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Computer simulations help determine safe vertical boom speeds for roof bolting in underground coal mines.
Ambrose-DH; Bartels-JR; Kwitowski-AJ; Gallagher-S; Battenhouse-TR
J Saf Res 2005 Oct; 36(4):387-397
Accident investigation reports do not usually contain enough information to aid in studying boom arm vertical speed for roof bolting machines to determine the impact that appendage speed had on an operator's risk of experiencing a contact. Laboratory experiments with human subjects are also not feasible because of safety and ethical issues. Researchers successfully developed a three-dimensional computer model that uses virtual human simulation software as the primary means to gather contact data when the boom arm touches the operator's hand, arm, head, or leg. Data analysis of roof bolter simulations shows that the speed of the boom arm is the most important factor in determining the risk of an operator making contact. Regardless of other variables, contact incidents were always greater when the bolter arm was moving up, greater on the hand, and greater for the boom arm part of the machine. The reason why the subject experiences more contacts when the boom arm is moving up rather than down is that riskier behaviors occur during drilling and bolting, when the boom arm is ascending. Based on the data collected, boom speeds greater than 13 in/sec result in a substantial increase in risk to the roof bolter operator of making contact. Speeds less than or equal to 13 in/sec are associated with a more modest relative risk of making contact, which represents a decrease in potential hazard. The use of such information can be helpful in making recommendations to machine design and task procedures to reduce the likelihood that roof bolter operators will experience injury due to contact with a moving roof bolting machine's boom arm.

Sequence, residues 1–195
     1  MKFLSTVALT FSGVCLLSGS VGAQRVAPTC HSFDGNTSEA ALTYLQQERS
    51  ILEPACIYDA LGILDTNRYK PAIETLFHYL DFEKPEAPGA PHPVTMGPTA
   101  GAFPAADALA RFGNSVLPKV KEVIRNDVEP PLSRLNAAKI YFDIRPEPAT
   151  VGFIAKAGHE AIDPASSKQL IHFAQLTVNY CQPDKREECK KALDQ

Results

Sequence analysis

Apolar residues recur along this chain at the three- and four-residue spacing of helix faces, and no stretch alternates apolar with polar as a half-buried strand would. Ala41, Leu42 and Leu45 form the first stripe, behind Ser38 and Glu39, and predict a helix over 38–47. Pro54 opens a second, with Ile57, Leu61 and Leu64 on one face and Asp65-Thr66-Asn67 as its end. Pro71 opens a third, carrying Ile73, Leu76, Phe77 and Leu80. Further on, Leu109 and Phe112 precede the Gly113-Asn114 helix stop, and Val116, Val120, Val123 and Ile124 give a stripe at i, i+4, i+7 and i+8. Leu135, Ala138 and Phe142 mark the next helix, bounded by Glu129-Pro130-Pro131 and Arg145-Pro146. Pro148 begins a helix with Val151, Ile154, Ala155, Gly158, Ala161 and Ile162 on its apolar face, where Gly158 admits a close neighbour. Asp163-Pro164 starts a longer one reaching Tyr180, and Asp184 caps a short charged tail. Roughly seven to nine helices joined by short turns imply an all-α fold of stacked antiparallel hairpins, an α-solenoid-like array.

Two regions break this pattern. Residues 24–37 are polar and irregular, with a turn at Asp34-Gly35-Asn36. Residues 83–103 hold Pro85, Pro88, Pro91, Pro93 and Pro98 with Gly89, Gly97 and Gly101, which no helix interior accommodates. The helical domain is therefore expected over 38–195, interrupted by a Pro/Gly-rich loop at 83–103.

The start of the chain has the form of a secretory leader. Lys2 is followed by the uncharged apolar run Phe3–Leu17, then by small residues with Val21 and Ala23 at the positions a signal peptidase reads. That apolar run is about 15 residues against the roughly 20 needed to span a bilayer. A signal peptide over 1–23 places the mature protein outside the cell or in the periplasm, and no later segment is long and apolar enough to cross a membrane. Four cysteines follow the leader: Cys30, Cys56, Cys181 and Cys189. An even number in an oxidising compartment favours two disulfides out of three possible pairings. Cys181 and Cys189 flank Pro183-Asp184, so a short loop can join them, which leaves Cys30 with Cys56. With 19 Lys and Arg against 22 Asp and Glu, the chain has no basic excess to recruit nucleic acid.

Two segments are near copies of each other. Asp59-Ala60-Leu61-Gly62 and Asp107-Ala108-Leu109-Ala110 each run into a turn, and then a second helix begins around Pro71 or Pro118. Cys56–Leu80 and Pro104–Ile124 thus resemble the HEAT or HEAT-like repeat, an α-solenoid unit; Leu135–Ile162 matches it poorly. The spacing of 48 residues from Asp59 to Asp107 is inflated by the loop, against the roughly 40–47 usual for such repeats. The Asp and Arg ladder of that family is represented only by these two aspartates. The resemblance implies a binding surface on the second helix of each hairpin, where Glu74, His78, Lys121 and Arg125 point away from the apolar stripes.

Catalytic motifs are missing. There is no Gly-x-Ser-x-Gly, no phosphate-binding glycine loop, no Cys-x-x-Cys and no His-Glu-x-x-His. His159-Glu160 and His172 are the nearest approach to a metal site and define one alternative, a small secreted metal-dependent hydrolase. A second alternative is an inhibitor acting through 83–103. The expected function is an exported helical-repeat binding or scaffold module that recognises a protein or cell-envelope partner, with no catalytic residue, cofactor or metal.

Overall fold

Simulation-methods; Mining-equipment; Underground-mining; Mining-industry; Coal-mining; Injuries; Injury-prevention; Hazards; Safety-research; Computer-models; Models; Computer-software; Hand-injuries; Arm-injuries; Leg-injuries; Head-injuries; Risk-factors; Machine-operators; Behavior; Accidents
NIOSH Pittsburgh Research Laboratory, P.O. Box 18070, Pittsburgh, PA 15236
Issue of Publication
Journal of Safety Research
Page last reviewed: September 2, 2020
Content source: National Institute for Occupational Safety and Health Education and Information Division